You like the iPhone. You currently own one with a 4-inch display, but you haven't upgraded because you find the jump to 4.7-inches to be too much for your pocket (literally, or metaphorically). You're excited about the fact that Apple is expected to unveil a new iPhone with a 4-inch display.
How much is it worth to you?
When it comes to any new Apple product, it's the question on everyone's minds. And while Apple might want to avoid the pricetaggery as much as possible, it always comes down to the dollars and cents.
First, the landscape into which the new iPhone will be born into. A 16BG iPhone 6s retails for $649 and costs Apple an estimated $211 to manufacture, while a 16GB iPhone 6s Plus retails for $749 and costs an estimated $236 to manufacture.
Put that another way, consumers pay a $100 premium for the bigger display and battery, while the components only cost Apple some $25.
Now, all the rumors suggest that the new iPhone - let's carry on calling it the iPhone SE until we know different - is going to feature the guts of an iPhone 6/6s in a smaller shell. The smaller shell means a smaller display and smaller battery, but don't expect those savings to amount to much compared to what it costs Apple to make the iPhone 6s with a 4.7-inch display. Thinking it might cost $100 less to make? Get real. The saving is probably closer to $25, and may be less than that.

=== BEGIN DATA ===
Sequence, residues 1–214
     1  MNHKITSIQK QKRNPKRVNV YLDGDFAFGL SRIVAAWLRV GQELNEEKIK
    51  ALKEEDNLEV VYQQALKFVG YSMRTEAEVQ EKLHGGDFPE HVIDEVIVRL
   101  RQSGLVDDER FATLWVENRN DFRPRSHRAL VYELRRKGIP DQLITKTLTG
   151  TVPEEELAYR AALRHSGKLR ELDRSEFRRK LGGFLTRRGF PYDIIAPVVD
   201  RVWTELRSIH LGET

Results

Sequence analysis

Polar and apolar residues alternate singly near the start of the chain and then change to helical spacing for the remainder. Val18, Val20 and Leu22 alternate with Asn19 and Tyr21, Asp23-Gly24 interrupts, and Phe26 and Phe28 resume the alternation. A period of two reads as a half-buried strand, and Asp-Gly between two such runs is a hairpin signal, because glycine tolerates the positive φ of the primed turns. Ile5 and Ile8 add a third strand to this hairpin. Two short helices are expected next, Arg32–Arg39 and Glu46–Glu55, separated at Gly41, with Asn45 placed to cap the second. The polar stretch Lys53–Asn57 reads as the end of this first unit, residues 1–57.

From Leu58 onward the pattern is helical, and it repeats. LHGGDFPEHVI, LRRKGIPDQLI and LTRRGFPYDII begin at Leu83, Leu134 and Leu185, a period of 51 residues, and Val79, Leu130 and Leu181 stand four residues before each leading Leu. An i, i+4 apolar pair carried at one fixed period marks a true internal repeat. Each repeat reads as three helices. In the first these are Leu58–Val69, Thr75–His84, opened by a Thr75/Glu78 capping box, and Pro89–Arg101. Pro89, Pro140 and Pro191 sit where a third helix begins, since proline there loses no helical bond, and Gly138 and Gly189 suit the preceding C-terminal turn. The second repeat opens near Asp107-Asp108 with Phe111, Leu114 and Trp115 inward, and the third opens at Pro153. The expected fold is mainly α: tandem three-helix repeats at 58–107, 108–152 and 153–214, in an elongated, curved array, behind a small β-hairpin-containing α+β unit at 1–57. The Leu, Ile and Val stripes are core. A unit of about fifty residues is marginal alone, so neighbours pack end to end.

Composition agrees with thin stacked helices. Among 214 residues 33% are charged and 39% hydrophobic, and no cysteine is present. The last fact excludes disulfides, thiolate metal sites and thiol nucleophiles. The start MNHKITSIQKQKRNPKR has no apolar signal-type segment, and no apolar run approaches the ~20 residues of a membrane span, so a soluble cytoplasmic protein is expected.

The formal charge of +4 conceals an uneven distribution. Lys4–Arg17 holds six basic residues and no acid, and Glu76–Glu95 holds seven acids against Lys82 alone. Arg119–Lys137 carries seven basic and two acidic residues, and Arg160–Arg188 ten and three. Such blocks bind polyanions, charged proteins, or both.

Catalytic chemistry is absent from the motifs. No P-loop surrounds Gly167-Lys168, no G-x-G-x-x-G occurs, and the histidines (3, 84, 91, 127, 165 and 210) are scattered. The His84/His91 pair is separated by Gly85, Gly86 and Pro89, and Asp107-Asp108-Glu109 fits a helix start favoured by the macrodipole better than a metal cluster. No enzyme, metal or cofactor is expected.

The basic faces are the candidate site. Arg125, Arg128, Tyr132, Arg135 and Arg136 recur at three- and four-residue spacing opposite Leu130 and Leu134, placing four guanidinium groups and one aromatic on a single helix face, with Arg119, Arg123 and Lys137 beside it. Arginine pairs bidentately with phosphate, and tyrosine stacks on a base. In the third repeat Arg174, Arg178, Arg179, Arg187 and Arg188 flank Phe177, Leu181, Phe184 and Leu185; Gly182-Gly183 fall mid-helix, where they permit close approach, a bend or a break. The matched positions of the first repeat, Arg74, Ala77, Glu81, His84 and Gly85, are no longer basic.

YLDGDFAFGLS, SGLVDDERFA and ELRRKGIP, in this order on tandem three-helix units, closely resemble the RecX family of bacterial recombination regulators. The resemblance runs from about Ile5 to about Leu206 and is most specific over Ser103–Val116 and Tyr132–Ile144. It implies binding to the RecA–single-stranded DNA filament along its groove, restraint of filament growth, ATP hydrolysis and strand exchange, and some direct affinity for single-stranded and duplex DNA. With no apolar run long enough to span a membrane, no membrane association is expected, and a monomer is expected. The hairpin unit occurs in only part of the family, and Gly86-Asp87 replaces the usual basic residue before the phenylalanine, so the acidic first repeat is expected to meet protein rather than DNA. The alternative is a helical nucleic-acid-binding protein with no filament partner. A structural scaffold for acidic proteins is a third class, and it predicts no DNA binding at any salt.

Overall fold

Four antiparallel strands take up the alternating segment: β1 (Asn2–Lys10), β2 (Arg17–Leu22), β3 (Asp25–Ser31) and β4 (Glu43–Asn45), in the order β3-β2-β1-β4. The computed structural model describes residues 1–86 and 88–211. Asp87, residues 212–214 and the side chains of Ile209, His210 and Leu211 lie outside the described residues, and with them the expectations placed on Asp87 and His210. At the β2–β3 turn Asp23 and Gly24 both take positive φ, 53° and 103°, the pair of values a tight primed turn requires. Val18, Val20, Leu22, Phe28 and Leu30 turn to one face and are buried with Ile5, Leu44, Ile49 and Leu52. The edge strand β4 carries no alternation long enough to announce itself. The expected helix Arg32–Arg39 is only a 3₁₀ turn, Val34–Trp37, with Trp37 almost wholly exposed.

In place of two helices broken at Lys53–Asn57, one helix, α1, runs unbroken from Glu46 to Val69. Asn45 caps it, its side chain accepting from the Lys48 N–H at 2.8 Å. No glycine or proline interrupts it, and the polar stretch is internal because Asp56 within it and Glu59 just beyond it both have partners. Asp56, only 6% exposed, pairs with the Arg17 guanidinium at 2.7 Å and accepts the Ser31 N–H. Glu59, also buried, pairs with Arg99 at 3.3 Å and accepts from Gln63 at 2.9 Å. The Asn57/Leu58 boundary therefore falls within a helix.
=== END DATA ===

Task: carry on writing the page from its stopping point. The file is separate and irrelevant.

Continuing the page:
So what does Apple write on the price tag?
Analysts are expecting the new 4-inch iPhone to retail for anywhere between $350 and $450. At even $450 (which is what Apple currently charges for an iPhone 5s), a 4-inch iPhone with the guts out of an iPhone 6/6s would represent tremendous value for money. At $350 the thing would be a total steal.
Pricing the new 4-inch iPhone is going to be tricky. Price it too low and Apple risks hammering its average selling price, while pricing it too high might put a roadblock in the way of users pulling the trigger on the upgrade.
Another dilemma facing Apple is how good to make the iPhone SE. Make it too good and people will buy it over the more expensive versions. Make it too much of a poor relation and it'll wither and die on the vine much like the iPhone 5c did. Remember the iPhone 5c? This was Apple's attempt at convincing consumers to get excited over old hardware in a shiny polycarbonate shell.
It didn't work out, and Apple will be keen not to repeat this mistake with the iPhone SE.
It's also important to remember who Apple is selling this iPhone to. It's not aimed at people who have made the jump to the iPhone 6 or iPhone 6s. This 4-inch iPhone is being aimed at upgrade laggards who are holding on to their old hardware for one reason or another, whether that be the size increase, price, or whatever.
My bet is that Apple isn't expecting the 4-inch iPhone to cannibalize sales of the higher-priced units. Instead it's a way to sell a device to existing iPhone users who aren't showing any interest in buying a new one.
Better they buy an iPhone and put money into Apple's coffers than buy an Android device.
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